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Sale of eleven Negroes. --On Saturday, the 31st instant, at 11 o'clock, we will sell, at our auction-house, One Negro Woman, with six Children; One Negro Woman, with one Child; One Carpenter and one Dining-Room Servant; all belonging to one gentleman, and sold for no fault. Hill, Dickinson & Co., Auctioneers. de 29
Sale of eleven Negroes. --On Saturday, the 31st instant, at 11 o'clock, we will sell, at our auction-house, One Negro Woman, with six Children; One Negro Woman, with one Child; One Carpenter and one Dining-Room Servant; all belonging to one gentleman, and sold for no fault. Hill, Dickinson & Co., Auctioneers. de 29
Gardener for sale. --I have for sale, privately, a No. I Gardener and his Wife, who is a No. I cook, washer and ironer and fair seamstress. Also, a rough Carpenter, a good Shoemaker, and several likely House Girls; all brought from my farm, and sold for no fault. D. McDaniel. [ja 12--4t*]
The Daily Dispatch: January 13, 1865., [Electronic resource], The late operations at Wilmington — the official reports. (search)
Gardener for Sale. --I have for sale, privately, a No. 1 Gardener and his Wife, who is a No. I cook, washer and ironer and fair seamstress. Also, a rough Carpenter, a good Shoemaker, and several likely House Girls; all brought from my farm, and sold for no fault. D. McDANIEL. [ja 12--4t*]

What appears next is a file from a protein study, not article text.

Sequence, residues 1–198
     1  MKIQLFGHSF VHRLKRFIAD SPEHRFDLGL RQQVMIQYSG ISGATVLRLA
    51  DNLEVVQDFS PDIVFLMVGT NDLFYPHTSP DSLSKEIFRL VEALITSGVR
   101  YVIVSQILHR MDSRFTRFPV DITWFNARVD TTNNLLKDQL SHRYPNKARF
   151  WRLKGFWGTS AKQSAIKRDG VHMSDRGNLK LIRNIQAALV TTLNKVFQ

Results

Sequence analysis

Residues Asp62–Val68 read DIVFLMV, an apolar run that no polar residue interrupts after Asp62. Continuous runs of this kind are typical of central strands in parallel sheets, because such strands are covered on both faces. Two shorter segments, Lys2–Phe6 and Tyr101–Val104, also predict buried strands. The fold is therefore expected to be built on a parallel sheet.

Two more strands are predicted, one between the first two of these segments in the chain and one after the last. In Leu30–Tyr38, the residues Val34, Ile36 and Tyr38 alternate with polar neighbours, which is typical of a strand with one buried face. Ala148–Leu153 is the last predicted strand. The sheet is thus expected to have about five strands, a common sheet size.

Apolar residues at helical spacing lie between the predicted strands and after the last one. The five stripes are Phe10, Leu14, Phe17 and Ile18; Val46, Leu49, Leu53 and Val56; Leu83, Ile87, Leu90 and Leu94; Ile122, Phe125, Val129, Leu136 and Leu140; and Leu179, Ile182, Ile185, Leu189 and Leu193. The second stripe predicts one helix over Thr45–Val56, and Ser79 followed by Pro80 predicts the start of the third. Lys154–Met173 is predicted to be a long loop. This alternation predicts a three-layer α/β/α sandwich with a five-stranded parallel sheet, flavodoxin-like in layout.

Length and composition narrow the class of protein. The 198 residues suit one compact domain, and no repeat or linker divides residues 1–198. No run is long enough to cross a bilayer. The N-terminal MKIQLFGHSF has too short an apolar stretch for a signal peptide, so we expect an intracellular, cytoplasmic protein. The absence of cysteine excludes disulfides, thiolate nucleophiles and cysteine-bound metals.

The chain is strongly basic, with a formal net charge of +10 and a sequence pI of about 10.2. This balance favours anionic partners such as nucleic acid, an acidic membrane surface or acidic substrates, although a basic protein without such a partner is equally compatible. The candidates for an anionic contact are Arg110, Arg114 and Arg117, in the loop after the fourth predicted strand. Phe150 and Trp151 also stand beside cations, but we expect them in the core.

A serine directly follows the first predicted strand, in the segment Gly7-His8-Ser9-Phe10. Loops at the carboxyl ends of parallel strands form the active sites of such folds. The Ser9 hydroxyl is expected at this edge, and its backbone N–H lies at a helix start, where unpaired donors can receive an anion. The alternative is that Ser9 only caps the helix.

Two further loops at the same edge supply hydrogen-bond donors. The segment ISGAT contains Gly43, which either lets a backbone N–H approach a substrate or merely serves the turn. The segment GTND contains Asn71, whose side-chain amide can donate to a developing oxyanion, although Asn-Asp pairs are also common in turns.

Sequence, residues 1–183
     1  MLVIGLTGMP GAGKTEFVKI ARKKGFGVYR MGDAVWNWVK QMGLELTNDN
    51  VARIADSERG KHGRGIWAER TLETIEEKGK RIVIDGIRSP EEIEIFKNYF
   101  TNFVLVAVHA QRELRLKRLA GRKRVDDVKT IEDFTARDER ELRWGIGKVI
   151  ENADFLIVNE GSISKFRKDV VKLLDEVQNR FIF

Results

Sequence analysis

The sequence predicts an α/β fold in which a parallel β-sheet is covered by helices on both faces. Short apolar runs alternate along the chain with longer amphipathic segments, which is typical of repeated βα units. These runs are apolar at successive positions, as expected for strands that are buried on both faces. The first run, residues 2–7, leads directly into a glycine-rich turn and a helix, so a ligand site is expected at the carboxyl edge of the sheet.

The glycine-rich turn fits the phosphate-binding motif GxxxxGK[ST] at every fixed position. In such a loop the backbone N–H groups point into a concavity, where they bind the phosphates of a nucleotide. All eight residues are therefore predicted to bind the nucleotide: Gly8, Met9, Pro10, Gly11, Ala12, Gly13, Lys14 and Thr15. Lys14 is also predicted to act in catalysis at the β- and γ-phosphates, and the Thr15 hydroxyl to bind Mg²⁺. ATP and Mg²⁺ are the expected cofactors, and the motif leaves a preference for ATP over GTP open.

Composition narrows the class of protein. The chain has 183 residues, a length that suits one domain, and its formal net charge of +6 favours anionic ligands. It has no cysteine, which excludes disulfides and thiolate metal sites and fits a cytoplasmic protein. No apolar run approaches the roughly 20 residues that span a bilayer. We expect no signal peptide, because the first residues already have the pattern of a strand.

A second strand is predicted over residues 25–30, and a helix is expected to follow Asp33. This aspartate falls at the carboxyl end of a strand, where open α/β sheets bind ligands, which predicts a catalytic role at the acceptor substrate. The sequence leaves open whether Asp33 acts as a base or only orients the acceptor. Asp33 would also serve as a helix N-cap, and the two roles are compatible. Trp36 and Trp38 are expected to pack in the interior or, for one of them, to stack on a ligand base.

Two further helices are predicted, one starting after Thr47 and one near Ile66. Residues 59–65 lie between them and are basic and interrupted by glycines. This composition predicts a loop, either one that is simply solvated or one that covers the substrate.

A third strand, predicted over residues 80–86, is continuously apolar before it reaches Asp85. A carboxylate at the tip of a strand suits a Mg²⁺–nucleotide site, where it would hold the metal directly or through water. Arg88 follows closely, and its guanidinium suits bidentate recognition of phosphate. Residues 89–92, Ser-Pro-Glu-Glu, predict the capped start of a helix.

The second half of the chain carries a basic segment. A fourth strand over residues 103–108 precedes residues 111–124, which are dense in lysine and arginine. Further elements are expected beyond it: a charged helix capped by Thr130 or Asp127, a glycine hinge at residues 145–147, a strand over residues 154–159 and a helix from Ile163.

Gardener for sale. --I have for sale, privately, a No. 1 Gardener and his wife, who is a No. 1 cook, washer and ironer and fair seamstress. Also, a rough Carpenter, a good Shoemaker, and several likely House Girls; all brought from my farm, and sold for no fault. D. Maniel. [ja 12--4t*]
Gardener for sale. --I have for sale, privately, a No. 1 Gardener and his wife, who is a No. 1 cook, washer and ironer and fair seamstress. Also, a rough Carpenter, a good Shoemaker, and several likely House Girls; all brought from my farm, and sold for no fault. D. McDANIEL. [ja 12--4t*]
f the Navy disapproved. The Secretary then dissolved the Court and ordered Commodore Craven to return to duty. Washington, December 15.--The United States Supreme Court to-day was crowded with attorneys to hear the important argument of Mr. Carpenter, of Wisconsin, advocating the re-admission of Mr. Garland to practice on the ground that the President's pardon restored the petitioner to all his civil and political rights. Although he (Carpenter) sustained the President in suppressingCarpenter) sustained the President in suppressing the rebellion, now that the war was over, he was perfectly willing to take by the hand his "re-constructed" brethren. He contended that the test oath was unconstitutional. Attorney-General Speed, replying, argued that Congress has the right to fix the qualification for office, and that though a pardon removed the consequences of crime, it was not a key to unlock the Government offices. Mr. Garland was no more restored to pardon than were those who took part in the rebellion to the office
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